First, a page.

Studying ancient leprosy, which is caused by a bacterial infection, may help scientists figure out how the infectious disease evolved.
The find also reveals the warlike ways of the semi-nomadic people who lived in the area between the sixth and eighth centuries, said study researcher Mauro Rubini, an anthropologist at Foggia University in Italy. The war wounds, which showed evidence of surgical intervention, provide a peek into the medical capabilities of medieval inhabitants of Italy.
"They knew well the art of war and also the art of treating war wounds," Rubini told LiveScience.
Buried horses and bashed-in skulls
The cemetery of Campochiaro is near the central Italian town of Campobasso. Between the years 500 and 700, when the cemetery was in use, Rubini said, the area was under the control of the Lombards, a Germanic people who allied with the Avars, an ethnically diverse group of Mongols, Bulgars and Turks. No signs of a stable settlement have been found near Campochiaro, Rubini said, so the cemetery was likely used by a military outpost of Lombards and Avars, guarding against invasion from the Byzantine people to the south.
So far, Rubini said, 234 graves have been excavated, many containing both human and horse remains. Burying a man with his horse is a tradition that hails from Siberia, Mongolia and some Central Asian regions, Rubini said, suggesting that the Avars brought their death rituals with them to Italy.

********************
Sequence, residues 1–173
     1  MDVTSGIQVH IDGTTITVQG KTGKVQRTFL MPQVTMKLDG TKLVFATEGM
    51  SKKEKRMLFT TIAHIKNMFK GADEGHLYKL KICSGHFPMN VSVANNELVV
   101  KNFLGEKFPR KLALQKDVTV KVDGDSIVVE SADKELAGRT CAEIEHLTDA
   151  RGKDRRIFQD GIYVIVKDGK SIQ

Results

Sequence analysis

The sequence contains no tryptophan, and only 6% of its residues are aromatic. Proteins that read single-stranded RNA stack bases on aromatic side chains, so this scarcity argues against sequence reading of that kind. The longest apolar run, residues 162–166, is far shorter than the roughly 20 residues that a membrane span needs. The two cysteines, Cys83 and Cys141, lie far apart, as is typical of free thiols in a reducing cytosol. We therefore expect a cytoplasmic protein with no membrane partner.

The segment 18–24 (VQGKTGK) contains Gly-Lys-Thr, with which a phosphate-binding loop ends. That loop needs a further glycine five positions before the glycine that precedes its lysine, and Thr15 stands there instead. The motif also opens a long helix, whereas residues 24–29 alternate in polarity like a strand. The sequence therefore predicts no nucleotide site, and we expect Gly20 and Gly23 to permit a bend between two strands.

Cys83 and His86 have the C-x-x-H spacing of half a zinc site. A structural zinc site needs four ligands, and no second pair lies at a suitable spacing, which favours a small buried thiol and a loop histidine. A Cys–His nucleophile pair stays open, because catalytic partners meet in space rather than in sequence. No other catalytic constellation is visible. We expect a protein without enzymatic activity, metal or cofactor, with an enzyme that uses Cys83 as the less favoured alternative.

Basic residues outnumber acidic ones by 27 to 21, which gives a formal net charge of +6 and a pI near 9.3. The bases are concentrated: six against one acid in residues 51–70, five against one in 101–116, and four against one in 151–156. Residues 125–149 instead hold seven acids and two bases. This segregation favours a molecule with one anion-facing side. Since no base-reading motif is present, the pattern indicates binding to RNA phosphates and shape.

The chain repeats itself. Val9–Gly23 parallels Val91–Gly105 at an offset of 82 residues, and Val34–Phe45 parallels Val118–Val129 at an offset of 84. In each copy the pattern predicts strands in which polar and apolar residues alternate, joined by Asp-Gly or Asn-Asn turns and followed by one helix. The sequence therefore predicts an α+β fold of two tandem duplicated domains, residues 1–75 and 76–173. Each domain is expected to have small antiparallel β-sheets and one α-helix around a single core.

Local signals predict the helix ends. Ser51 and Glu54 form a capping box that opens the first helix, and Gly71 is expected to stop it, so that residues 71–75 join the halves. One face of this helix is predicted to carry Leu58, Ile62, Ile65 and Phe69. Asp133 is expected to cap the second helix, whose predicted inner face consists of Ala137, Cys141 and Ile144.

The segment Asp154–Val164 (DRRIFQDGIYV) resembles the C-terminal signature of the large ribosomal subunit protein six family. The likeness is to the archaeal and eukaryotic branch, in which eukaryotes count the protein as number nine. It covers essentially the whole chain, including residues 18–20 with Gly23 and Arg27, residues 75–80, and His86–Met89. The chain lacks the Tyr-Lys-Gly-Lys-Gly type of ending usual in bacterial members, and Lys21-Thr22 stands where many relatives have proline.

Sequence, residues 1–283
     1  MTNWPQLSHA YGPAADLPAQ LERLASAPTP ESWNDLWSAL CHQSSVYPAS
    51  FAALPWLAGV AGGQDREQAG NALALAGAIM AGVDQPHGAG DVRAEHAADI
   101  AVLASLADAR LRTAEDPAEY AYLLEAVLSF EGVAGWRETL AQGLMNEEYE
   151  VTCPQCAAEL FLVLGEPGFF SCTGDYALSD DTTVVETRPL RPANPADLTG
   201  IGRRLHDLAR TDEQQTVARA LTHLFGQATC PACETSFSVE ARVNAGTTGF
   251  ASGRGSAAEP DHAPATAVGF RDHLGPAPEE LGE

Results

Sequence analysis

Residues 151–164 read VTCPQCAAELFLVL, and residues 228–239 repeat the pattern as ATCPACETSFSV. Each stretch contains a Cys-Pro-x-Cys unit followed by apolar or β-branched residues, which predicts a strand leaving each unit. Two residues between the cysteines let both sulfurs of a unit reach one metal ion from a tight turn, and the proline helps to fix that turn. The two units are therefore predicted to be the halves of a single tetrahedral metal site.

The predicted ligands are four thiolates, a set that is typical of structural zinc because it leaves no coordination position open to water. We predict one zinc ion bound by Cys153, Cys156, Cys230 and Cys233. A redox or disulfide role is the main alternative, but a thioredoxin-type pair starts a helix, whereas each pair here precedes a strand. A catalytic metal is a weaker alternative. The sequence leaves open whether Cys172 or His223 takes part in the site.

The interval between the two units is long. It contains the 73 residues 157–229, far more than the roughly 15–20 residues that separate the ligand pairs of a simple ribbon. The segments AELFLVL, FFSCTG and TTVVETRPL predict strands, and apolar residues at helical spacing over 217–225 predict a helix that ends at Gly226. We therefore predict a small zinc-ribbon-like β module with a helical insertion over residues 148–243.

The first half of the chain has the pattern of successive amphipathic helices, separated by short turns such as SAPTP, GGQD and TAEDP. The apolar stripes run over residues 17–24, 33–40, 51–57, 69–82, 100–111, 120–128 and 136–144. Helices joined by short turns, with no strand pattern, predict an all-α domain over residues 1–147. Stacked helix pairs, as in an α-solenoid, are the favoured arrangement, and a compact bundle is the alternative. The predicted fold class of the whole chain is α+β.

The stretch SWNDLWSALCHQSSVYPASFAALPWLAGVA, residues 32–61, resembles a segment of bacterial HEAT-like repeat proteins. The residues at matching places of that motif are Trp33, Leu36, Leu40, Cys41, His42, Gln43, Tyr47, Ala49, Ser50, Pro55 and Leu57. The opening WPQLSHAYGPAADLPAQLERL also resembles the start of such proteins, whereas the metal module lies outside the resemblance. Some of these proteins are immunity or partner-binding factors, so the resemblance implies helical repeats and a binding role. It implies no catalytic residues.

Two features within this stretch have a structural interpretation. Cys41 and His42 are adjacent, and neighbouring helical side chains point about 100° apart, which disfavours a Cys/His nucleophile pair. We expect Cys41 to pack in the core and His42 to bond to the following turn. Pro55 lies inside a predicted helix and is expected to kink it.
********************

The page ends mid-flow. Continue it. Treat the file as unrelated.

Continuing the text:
Rubini and his colleague Paola Zaio detailed three of these bodies in an article to be published in the Journal of Archaeological Science. The first man was about 55 when he died, the researchers found. They aren't sure what killed him, but they do know what he managed to survive: a blow to the head that tore a 2 inch (6 centimeter) hole in his skull. The pattern of the wound and the size of the hole suggest a Byzantine mace as the weapon, Rubini said.
Almost as alarming, the man probably went through the medieval equivalent of brain surgery. The margins of the wound are smooth and free of fragments, Rubini said.
"Probably the margins were polished with an abrasive instrument," he said.
Whatever happened, the man survived his wound. The bone had begun to heal and grow before the man died, Rubini said.
A leper warrior?
Body No. 2, another man of 50 or 55, painted a similar forensic picture. Judging by the shape of the wedge-shaped dent in the man's skull, Rubini said, he probably got in the way of a Byzantinian battle-ax. Like his comrade with the hole in the head, this man survived for a long time after he was wounded.
The third soldier wasn't so fortunate, the researchers suspect. First of all, his bones show the telltale wasting and mutilation of leprosy, now known as Hansen's disease. In ancient times, leprosy sufferers were often banished from society. Apparently the Lombards and Avars took a more tolerant approach, Rubini said, because this man, who died around age 50, was buried in the cemetery along with the other dead. [Read: Earliest Known Case of Leprosy Unearthed]
The leprosy sufferer's skull bears the mark of what Rubini and Zaio indentify as a sword slash. It may not have killed him, but the wound shows no signs of healing, suggesting the man died within hours of sustaining it.
"The Avar society was very inflexible militarily, and in particular situations all are called to contribute to the cause of survival, healthy and sick," Rubini said. "Probably this individual was really a leper warrior who died in combat to defend his people against the Byzantinian soldiers."
Whoever he was, the mysterious leper may help researchers understand how the disease evolved over time. Rubini and other researchers are working to extract the DNA of the bacteria that causes leprosy from bones found in the cemetery. The goal is to compare the medieval version of the disease to the bacteria alive today, Rubini said: "We study the past to know the present."